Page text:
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Succinic acid exacerbates experimental autoimmune uveitis by stimulating neutrophil extracellular traps formation via SUCNR1 receptor
  1. Hongxi Li,
  2. Handan Tan,
  3. Zhangluxi Liu,
  4. Su Pan,
  5. Shiyao Tan,
  6. Yunyun Zhu,
  7. Qingfeng Wang,
  8. Guannan Su,
  9. Chunjiang Zhou,
  10. Qingfeng Cao,
  11. Peizeng Yang
  1. The First Affiliated Hospital of Chongqing Medical University, Chongqing, China
  1. Correspondence to Professor Peizeng Yang, The First Affiliated Hospital of Chongqing Medical University, Chongqing, 400016, China; peizengycmu{at}126.com

Abstract

Aims To investigate the effect of succinic acid on the development of experimental autoimmune uveitis (EAU) and the underlying mechanism.

Methods Succinic acid was administrated intraperitoneally to evaluate its effects on immune response and EAU in mice. Intraocular inflammation was evaluated by histopathological scoring. Frequencies of Th1/Th17 cells were measured by flow cytometry. Concentrations of IFN-γ/IL-17A, neutrophil elastase (NE) and myeloperoxidase (MPO) were determined by enzyme-linked immunosorbent test. Infiltration of neutrophils and generation of neutrophil extracellular traps (NETs) within the eye were assessed by immumofluorescence. NETs formation in extracellular matrix was visualised by laser scanning confocal microscopy. Succinate receptor (SUCNR1) antagonist was used to investigate its effect on the generation of NETs.

Results Intraperitoneal injection of succinic acid exacerbated EAU severity as evidenced by severe histological changes in association with elevated frequencies of splenic Th1/Th17 cells, and upregulated levels of IFN-γ/IL-17A and NETs in plasma. In vitro experiments showed that succinic acid could promote the generation of NETs by neutrophils as shown by increased expression of NE and MPO.NETs could increase the frequencies of Th1/Th17 cells in CD4+ T cells and their expression of IFN-γ/IL-17A. In the experiment of receptor antagonism, the upregulatory effect of succinic acid on NETs could be significantly blocked by SUCNR1 antagonist.

Conclusions Succinic acid could worsen EAU induced by IRBP in mice. This effect was possibly mediated by its upregulation on NETs generation and frequencies of Th1/Th17 cells in affiliation with increased production of IFN-γ/IL-17A through succinic acid-SUCNR1 axis.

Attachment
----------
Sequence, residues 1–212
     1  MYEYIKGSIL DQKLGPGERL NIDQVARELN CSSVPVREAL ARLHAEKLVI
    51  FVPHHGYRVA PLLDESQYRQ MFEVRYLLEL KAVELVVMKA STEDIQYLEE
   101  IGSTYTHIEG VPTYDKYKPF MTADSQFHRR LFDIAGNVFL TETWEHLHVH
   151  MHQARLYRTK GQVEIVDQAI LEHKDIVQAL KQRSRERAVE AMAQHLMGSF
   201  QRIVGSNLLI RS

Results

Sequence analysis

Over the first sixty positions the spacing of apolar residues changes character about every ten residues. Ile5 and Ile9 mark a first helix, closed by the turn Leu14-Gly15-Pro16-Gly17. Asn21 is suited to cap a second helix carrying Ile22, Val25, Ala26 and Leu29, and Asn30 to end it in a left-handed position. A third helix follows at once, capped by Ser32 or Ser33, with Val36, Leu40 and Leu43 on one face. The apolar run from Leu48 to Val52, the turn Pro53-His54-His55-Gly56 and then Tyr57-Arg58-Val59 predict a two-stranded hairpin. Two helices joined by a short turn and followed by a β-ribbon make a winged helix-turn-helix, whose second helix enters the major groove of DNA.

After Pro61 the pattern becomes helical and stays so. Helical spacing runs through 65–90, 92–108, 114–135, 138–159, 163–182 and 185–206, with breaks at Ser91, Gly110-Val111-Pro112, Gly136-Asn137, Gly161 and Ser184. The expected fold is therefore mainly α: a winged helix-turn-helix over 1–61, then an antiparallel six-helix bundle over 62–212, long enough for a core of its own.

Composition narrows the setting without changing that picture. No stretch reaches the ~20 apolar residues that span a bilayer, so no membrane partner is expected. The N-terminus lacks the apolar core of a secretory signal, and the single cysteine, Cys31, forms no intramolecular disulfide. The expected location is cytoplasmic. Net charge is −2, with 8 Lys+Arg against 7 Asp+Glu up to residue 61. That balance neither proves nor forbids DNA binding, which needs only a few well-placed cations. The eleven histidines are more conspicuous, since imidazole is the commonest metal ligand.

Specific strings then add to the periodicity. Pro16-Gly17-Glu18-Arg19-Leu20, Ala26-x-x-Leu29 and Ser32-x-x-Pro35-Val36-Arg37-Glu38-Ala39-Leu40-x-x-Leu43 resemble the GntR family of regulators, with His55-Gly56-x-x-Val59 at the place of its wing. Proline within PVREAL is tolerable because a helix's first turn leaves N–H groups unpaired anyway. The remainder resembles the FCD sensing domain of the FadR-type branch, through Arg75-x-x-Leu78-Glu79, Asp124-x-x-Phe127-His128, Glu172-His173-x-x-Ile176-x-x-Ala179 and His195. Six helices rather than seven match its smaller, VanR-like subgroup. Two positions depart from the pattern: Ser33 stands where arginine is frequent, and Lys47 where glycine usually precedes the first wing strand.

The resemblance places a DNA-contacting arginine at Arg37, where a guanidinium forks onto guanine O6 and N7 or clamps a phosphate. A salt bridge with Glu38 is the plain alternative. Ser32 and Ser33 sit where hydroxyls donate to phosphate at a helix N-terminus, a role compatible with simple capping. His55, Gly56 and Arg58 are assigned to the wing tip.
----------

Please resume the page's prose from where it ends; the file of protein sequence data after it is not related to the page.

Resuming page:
• Experimental – animal models
  • Experimental – laboratory
  • Inflammation
  • Pathology
  • Immunology

Data availability statement

All data relevant to the study are included in the article or uploaded as online supplemental information. Not applicable.

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Data availability statement

All data relevant to the study are included in the article or uploaded as online supplemental information. Not applicable.

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Footnotes

  • HL, HT and ZL contributed equally.

  • Contributors PY, HL and HT conceived and designed the study. HL, SP, ST and YZ performed all the experiments. HL, ZL and SP analysed the data. SP and QW contributed to FCM test and immunofluorescence. SP and ZL contributed to animal modeling. HL, HT and ZL wrote the manuscript. CZ and QC contributed to experimental equipment. PY and GS interpreted the data and revised the manuscript. PY is the guarantor.

  • Funding This study was supported by the National Natural Science Foundation Key Programme (81720108009), Natural Science Foundation Major International (Regional) Joint Research Project (81930023), Chongqing Outstanding Science Project (2019) (no grant number), Chongqing Chief Medical Scientist Project (2018)(no grant number), Chongqing Key Laboratory of Ophthalmology (CSTC, 2008CA5003), Chongqing Science and Technology Platform and Base Construction Programme (cstc2014pt-sy10002).

  • Competing interests None declared.

  • Provenance and peer review Not commissioned; externally peer reviewed.

  • Supplemental material This content has been supplied by the author(s). It has not been vetted by BMJ Publishing Group Limited (BMJ) and may not have been peer-reviewed. Any opinions or recommendations discussed are solely those of the author(s) and are not endorsed by BMJ. BMJ disclaims all liability and responsibility arising from any reliance placed on the content. Where the content includes any translated material, BMJ does not warrant the accuracy and reliability of the translations (including but not limited to local regulations, clinical guidelines, terminology, drug names and drug dosages), and is not responsible for any error and/or omissions arising from translation and adaptation or otherwise.

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